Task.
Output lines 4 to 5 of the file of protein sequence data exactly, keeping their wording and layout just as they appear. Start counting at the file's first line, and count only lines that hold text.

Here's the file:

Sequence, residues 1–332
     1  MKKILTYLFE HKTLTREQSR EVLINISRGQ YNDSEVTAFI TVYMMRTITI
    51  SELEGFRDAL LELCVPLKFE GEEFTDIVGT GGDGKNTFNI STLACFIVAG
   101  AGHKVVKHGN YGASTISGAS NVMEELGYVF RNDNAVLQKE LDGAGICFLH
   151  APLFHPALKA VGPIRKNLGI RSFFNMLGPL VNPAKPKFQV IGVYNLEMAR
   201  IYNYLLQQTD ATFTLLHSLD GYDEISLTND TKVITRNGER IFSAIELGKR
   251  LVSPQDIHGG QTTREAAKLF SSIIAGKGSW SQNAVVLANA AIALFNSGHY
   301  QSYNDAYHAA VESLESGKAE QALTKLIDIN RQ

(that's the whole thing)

   101  AGHKVVKHGN YGASTISGAS NVMEELGYVF RNDNAVLQKE LDGAGICFLH
   151  APLFHPALKA VGPIRKNLGI RSFFNMLGPL VNPAKPKFQV IGVYNLEMAR